I love using a large variety of green in my green smoothies. It’s important to rotate your use of greens because of the alkaloids they contain. But from a more mundane standpoint, I just like the variety of the different tastes and textures. At this time of year (December), kale is one of my favorite greens to use in my daily green smoothies.
Kale is a dark leafy green which is most widely used by caterers as a garnish for fruit trays and usually thrown away. What a waste! Kale is one of the super foods when it comes to vitamins, phytonutrients, antioxidants and other things that contribute to your overall health.
Where I live in southern Arizona, the nights are cold (near freezing) while the days are very moderate (65° F) during December. That’s perfect growing weather for kale and my garden now sports several varieties of kale. One variety is extremely dark green and curly. Another is curly but much lighter in color. Another is dark bluish green and not very curly at all. I rotate my use of these varieties kale with other cold-loving dark leafy greens from my garden like Swiss Chard, beet greens, broccoli greens and a few others.
Blended together with fruit, these dark leafy greens make for a delicious and healthy way to start your day. Plus, all the antioxidants help keep your immune system in tip-top shape during the prolific cold and flu season that is now upon us.
Even if you live in a cold climate and are experiencing snow, you can still harvest kale from under the snow as long as it has been established from late summer. If you didn’t plan ahead for that, make a note for doing that next August or September. When I lived in the Northern US, I would usually harvest kale from under the snow all the way through the winter.
If you don’t have a garden, you can still find fresh kale in most produce sections of grocery stores, and especially in health/organic food stores. Always try to buy organic kale whenever possible. Look for kale that is uniform in color throughout the bunch. Avoid anything that is clearly changing color around the edges or that is wilting. Kale is a hardy leafy green and takes a long time to wilt, so visible signs of wilting are a sure indicator that it has been sitting on the shelf for a long time. Once leafy greens start to go bad, the decomposition continues quite rapidly and can introduce unwanted toxins for your body to fend off. Don’t let that freak you out – just buy stuff that looks good and don’t be afraid to toss old greens once they start to turn bad.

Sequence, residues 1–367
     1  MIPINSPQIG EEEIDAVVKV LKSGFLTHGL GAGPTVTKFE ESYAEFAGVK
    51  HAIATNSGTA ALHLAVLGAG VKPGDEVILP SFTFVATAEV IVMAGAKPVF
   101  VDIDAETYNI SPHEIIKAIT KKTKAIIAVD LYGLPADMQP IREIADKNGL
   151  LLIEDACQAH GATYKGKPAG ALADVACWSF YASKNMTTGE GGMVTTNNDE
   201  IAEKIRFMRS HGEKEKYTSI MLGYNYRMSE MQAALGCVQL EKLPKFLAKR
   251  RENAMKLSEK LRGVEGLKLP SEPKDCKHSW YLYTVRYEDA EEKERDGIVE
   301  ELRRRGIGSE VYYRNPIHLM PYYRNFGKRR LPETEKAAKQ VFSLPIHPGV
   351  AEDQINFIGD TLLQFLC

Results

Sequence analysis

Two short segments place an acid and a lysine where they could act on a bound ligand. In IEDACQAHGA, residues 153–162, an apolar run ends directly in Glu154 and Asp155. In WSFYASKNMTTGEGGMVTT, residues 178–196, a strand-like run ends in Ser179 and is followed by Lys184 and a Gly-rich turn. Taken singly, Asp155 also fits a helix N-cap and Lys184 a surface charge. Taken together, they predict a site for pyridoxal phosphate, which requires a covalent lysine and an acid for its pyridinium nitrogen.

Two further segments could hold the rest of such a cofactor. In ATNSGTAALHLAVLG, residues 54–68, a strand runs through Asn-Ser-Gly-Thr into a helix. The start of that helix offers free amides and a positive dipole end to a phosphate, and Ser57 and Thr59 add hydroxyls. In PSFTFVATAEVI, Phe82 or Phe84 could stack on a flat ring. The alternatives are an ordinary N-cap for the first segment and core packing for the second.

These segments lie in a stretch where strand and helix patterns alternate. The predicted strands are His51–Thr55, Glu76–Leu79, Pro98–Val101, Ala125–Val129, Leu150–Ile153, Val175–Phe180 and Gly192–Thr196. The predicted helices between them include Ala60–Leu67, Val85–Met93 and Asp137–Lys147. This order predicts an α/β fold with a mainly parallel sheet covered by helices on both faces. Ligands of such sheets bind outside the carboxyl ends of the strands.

Not only is kale good for your body with all of its health benefits, it tastes pretty good too. That doesn’t mean kale is not a mild green. It has a rather strong “green” taste and may bee too much if you are just beginning on green smoothies. If that’s the case, just start out with small additions of kale to your green smoothies until you develop a taste for it (you usually need to taste something new 7-10 times before you start developing a taste for it, so don’t give up to soon if it doesn’t suit you immediately).
Since kale is a tough leafy green with a lot of fiber, it is important to use a high powered blender like the Vitamix or Blendtec blenders. The Vitamix is my favorite, and will pulverize that kale down to the cellular level for easy digestion and no gas or bloating (which is a common complaint about kale – mainly because it is consumed without being fully chewed up.) Some people peel the dark leaves off the stem before adding kale to their smoothies. I prefer to add the stems too. Although the stems primarily add fiber, they also contain certain enzymes not found in the leaves which aid in digestion. Just make sure you have a heavy duty blender like a Vitamixbefore you try to use kale stems in your green smoothies.
The green smoothie combinations using kale are endless, but here is one of my favorite cold-busting, high-antioxidant green smoothie recipes for the Winter cold season: